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Bread Becomes Sweeter As You Chew, Your Saliva Breaks Down Starch Into Sugars.

On November 17, homes will fill with warm, comforting aromas reminding us to slow down and enjoy National Homemade Bread Day.

  • It takes 9 seconds for a combine to harvest enough wheat to make about 70 loaves of bread.
  • Each American consumes, on average, 53 pounds of bread per year.
  • An average slice of packaged bread contains only 1 gram of fat and 75 to 80 calories.
  • Bread is closely tied to religious expression and communion. Hot cross buns commemorate Lent and Good Friday, Greek Easter breads are set with eggs dyed red to denote the blood of Christ, and Jewish families celebrate the coming of the Sabbath on Friday evening with challah.
  • In 1997, Kansas wheat farmers produced enough wheat to make 36.5 billion loaves of bread, or enough to provide each person on earth with 6 loaves of bread.
  • Napoleon gave a common bread its name when he demanded a loaf of dark rye bread for his horse during the Prussian campaign. “Pain pour Nicole,” he ordered, which meant “Bread for Nicole,” his horse. To Germanic ears, the request sounded like “pumpernickel,” which is the term we use today for this traditional loaf.
  • In Britain, the ceremony of First Footing is traditionally observed in the early hours of New Year’s Day. A piece of bread is left outside a door, with a piece of coal and a silver coin, and is supposed to bring you food, warmth and riches in the year ahead.
  • The fastest “bun” in the West goes to a team of bakers from Wheat Montana Farms and Bakery who reclaimed the Guinness World Record in 1995. They harvested and milled wheat from the field and then mixed, scaled, shaped and baked a loaf in exactly eight minutes, 13 seconds.
  • Scandinavian traditions hold that if a boy and girl eat from the same loaf, they are bound to fall in love.
  • In Russia, bread (and salt) are symbols of welcome.
  • Superstition says it is bad luck to turn a loaf of bread upside down or cut an unbaked loaf.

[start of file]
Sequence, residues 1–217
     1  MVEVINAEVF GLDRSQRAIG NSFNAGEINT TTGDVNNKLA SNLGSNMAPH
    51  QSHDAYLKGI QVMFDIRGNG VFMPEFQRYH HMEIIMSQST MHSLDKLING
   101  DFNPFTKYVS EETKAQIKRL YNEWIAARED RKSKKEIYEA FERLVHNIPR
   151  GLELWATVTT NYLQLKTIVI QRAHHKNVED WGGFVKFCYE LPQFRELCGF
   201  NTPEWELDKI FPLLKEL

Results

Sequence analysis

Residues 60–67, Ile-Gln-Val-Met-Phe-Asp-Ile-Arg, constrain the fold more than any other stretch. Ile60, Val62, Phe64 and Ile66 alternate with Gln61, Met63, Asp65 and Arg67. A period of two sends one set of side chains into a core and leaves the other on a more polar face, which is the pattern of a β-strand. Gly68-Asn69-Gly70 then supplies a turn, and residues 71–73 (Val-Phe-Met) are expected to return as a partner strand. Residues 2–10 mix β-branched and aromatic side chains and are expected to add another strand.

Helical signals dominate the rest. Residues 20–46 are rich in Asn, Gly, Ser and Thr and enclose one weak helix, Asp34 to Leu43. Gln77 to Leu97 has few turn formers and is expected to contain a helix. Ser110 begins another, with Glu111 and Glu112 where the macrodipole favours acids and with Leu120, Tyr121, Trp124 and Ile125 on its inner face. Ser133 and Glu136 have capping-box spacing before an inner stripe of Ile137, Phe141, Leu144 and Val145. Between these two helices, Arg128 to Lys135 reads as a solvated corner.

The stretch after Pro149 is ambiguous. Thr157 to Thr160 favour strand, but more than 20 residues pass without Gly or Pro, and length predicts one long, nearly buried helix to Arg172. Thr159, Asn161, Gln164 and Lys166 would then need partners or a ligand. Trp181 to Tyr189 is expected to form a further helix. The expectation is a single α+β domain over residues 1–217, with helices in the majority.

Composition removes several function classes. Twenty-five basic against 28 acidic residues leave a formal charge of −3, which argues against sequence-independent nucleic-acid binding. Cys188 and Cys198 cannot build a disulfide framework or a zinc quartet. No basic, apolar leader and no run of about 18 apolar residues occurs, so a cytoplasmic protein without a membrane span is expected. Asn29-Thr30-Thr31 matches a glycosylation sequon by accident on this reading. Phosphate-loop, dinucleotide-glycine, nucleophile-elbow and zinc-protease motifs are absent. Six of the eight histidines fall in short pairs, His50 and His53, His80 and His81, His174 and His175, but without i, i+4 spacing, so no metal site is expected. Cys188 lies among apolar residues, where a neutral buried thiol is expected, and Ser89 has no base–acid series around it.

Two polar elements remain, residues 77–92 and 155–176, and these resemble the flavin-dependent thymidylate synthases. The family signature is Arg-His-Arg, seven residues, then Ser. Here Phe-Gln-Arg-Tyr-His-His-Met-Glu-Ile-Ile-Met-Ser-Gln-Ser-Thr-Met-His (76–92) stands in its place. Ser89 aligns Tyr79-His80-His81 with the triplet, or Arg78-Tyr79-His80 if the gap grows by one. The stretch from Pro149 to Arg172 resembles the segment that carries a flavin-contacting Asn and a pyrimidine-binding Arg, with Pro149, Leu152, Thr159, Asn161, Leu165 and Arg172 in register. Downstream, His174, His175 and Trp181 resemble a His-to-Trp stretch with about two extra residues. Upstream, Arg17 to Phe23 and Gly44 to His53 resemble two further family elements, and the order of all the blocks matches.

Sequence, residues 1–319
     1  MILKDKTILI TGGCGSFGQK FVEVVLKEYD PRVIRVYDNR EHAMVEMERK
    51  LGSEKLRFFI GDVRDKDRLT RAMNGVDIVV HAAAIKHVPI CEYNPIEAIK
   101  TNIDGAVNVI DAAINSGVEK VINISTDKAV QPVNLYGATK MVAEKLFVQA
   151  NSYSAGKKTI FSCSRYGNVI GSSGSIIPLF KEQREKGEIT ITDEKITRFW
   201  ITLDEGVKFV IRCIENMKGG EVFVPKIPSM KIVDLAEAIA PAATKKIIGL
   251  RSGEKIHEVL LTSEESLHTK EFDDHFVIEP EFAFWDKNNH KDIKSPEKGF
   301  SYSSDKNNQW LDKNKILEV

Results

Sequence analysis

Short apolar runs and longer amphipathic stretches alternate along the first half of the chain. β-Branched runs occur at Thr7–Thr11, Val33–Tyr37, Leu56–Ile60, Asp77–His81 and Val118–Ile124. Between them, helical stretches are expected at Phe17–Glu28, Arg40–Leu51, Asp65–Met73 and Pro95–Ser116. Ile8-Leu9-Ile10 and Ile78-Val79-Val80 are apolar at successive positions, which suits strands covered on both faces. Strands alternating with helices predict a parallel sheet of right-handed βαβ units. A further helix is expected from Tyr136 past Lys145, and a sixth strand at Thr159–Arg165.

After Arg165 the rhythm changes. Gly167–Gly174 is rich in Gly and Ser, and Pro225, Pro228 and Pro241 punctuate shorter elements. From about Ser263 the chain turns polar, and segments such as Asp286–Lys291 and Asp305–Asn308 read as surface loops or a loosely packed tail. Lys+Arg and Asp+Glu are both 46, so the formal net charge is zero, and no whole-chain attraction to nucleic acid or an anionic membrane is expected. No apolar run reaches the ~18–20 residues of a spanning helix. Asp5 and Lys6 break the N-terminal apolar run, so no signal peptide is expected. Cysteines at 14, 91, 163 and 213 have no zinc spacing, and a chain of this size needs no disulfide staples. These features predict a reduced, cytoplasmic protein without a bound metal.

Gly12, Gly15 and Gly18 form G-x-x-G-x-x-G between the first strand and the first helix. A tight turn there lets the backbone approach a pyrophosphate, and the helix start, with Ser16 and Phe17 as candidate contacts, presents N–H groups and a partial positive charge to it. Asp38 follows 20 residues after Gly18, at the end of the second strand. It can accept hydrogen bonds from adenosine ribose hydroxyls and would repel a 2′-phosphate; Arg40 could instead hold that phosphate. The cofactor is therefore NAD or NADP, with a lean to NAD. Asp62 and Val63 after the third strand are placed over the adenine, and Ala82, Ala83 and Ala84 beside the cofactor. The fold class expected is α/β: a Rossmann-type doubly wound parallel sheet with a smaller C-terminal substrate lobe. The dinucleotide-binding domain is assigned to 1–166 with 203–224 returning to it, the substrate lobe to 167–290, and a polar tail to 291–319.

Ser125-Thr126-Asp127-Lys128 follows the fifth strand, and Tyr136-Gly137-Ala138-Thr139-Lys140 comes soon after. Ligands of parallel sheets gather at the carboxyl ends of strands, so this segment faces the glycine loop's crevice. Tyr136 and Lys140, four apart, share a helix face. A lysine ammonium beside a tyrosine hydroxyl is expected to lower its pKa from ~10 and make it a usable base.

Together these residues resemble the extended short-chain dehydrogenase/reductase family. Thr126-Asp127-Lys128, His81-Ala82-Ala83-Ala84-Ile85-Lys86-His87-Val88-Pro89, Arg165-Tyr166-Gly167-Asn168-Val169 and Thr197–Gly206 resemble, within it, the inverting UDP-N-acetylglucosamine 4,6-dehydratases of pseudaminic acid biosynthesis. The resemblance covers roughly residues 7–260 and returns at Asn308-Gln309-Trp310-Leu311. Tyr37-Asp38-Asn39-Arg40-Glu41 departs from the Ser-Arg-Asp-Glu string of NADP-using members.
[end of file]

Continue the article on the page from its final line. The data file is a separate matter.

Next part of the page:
• Legend has it that whoever eats the last piece of bread has to kiss the cook.
  • Sliced bread was only invented in 1928 and was referred to as the best thing since bagged bread. – Source
  • The distinction of “upper crust” comes from the 1600s. When the bread was made in stone ovens the bottoms would become dirty from ash and soot. If you were wealthy you cut the bottom crust off and just ate the “upper crust” part of the bread. – Source
  • Ancient Egyptians used moldy bread as a treatment for infected burn wounds, possibly already utilizing the antibiotic effects of molds accidentally discovered by Alexander Fleming. – Source
  • Before the Eraser was invented people used soft bread crumbs to erase pencil marks. – Source
  • In France, by law a bakery has to make all the bread it sells from scratch in order to have the right to be called a bakery. – Source
  • Nearly all the bread clips, those flat, U-shaped pieces of plastic are produced by one family-owned company in Yakima, Washington. The first one was carved from a credit card, the company exports billions a year, and the Kwik Lok Corporation has an almost complete monopoly. – Source
  • A nearly 2,000-year-old loaf of bread was found during excavations in Herculaneum, and the recipe has been recreated by The British Museum. – Source
  • Ciabatta is not a traditional Italian bread, it was invented in the 80s as a response to the popularity of baguettes. – Source
  • Bread become sweeter the longer you chew as your saliva starts to break down starch into sugars. – Source
  • When the buttered bread is right side up and dropped from a table, there’s an ~80% it will fall butter side down. This is because an average slice of buttered bread falling will complete a full turn in approx. 8 feet. – Source
  • The ancient Greeks were already producing more than 80 types of bread in 2500 B.C.
  • Bread was so important to the Egyptian way of life that it was used as a type of currency. They revered it so much they would often place it in the tombs of their dead.
  • Bakers used to be fined if their loaves were underweight so they added an extra loaf to every dozen, hence the term “Baker’s Dozen.”
  • Bread, in all its various forms, is the most widely consumed food in the world.
  • Bread appears 360 times in the Bible (KJV). 280 times in the Old Testament and 80 times in the New Testament.
  • While bread has been used since the the 17th century to clean the frescoes on the ceiling of the Sistine Chapel, restorationists have found that Wonder Bread, and it’s sponge texture, it a remarkably efficient tool cleaning the Michelangelo’s “Creation of Adam.”


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